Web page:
Vermont’s electors prepare to vote Monday while protesters look on.
Normally, when the three Vermont members of the electoral college convene to formally cast the state’s votes for president and vice president, no one comes to watch.
This year was different. Some 200 protesters jammed the Statehouse meeting room hoping to make this pro forma ritual anything but. Across the country, protesters hoped a revolt by electors in each state would keep president-elect Donald Trump from taking office.
“One person, one vote,” they chanted, protesting the concept of the electoral college. “Dump Trump,” some of the signs read.
As Tim Jerman, one of the three electors, waited for the official ceremony to begin, protester Bob Dana of Belvidere urged him on. “Do your duty,” Dana said.
But just what was Jerman’s “duty?” Opinion varied.
“There’s at least five iterations of what people want,” said Jerman, a state representative from Essex Junction who is also vice chair of the Vermont Democratic Party.
Jerman and the state’s two other electors — Gov. Peter Shumlin and Martha Allen, president of the Vermont-NEA teachers’ union — saw it as their duty to cast votes for Democrat Hillary Clinton because she received the most votes in Vermont on Election Day.
At a meeting that took just 12 minutes, they became the first electors in the country to report their result.
Protesters watch Vermont's electors certify the state’s three electoral votes for Democrat Hillary Clinton.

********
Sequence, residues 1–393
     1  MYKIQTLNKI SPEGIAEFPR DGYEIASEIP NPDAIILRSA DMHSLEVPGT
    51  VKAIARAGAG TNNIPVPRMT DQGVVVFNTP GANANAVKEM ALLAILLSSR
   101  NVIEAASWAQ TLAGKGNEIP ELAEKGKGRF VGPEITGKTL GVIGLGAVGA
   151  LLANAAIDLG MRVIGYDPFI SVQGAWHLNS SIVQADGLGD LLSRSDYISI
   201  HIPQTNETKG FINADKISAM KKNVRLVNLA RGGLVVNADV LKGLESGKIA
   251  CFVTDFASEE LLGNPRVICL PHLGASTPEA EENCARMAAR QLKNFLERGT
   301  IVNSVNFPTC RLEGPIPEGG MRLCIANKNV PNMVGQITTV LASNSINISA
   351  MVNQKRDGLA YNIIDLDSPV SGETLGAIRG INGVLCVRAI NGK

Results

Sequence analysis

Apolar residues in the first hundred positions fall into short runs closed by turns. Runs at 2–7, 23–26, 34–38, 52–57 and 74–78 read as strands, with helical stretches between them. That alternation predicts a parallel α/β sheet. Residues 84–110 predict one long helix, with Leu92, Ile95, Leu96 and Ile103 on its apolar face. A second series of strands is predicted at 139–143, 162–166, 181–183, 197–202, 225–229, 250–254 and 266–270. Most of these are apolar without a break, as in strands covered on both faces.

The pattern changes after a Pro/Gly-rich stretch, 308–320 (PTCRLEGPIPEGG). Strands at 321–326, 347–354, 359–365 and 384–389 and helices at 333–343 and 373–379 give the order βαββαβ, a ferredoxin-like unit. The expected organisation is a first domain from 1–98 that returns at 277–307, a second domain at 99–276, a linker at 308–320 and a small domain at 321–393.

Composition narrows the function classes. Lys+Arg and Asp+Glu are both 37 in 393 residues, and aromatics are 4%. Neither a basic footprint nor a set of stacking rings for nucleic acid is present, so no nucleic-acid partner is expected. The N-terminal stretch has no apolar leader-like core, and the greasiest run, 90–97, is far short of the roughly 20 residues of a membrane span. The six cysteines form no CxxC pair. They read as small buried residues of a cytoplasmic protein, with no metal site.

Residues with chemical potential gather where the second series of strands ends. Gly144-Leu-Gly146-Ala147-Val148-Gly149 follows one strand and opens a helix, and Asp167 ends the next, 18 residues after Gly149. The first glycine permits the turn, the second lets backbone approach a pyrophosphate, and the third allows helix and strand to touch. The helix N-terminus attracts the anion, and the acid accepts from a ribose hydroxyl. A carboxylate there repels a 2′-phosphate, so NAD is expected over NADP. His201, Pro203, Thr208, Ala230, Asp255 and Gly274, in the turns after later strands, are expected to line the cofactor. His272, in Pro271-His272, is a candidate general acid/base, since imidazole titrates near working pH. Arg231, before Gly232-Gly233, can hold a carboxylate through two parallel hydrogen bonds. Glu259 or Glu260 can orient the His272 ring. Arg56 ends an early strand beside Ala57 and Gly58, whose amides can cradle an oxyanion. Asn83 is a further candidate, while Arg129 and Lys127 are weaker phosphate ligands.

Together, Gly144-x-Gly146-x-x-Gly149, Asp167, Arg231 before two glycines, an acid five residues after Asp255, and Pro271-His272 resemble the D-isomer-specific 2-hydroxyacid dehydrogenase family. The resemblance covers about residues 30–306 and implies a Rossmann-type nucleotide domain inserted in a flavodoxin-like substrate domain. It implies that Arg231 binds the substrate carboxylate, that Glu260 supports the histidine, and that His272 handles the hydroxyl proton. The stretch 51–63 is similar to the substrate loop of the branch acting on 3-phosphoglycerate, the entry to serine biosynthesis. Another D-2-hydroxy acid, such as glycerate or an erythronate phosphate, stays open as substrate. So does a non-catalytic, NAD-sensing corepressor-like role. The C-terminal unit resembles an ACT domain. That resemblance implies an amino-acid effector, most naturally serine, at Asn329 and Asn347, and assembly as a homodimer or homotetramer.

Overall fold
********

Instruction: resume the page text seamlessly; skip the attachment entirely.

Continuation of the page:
“I’m fine with my choice. Hillary won in the state,” Jerman said. “I believe in democracy.”
Allen agreed. “I understood when I became an elector I was expected to do that,” she said.
And Shumlin: “Electors around the county have a duty to uphold the law.”
But the electors got plenty of other advice. Some people wanted them to vote for Sen. Bernie Sanders (I-Vt.) because — well — he almost won the Democratic presidential nomination. Or for any Republican who’s “more qualified” than the actual president-elect.
That’s what Dana wanted. “The right thing to do at this juncture is to acknowledge we lost the election,” the self-described liberal said. But he could not come to grips with the idea of a President Trump. “He’s not qualified,” Dana said, noting the president-elect’s lack of public service and his refusal to reveal his financial interests.
Jerman and Allen agreed. Trump’s not qualified to be president, they said. “He doesn’t have the temperament,” Jerman said.
Vermont’s electors take the oath Monday in the Statehouse while protesters stand by.
Shumlin, who leaves elected office next month after not seeking reelection, hedged. “Donald Trump is the president-elect,” he said.
But he did say he considers Trump to be the most troubling presidential choice he’s ever seen. “No question, this is the first president-elect that has truly made me, and I suspect a lot of Vermonters, really uncomfortable about where our country’s going,” he said.
The Vermont Democratic Party chose the electors and a new batch is selected every presidential election. This year’s trio agreed that the electoral college, the constitutionally created mechanism by which presidential candidates are elected, doesn’t work well.
Though Trump won 306 electoral college votes in the November 8 election, it was Clinton who won the popular vote by nearly three million votes.
“The person who gets the most votes should win,” Shumlin said.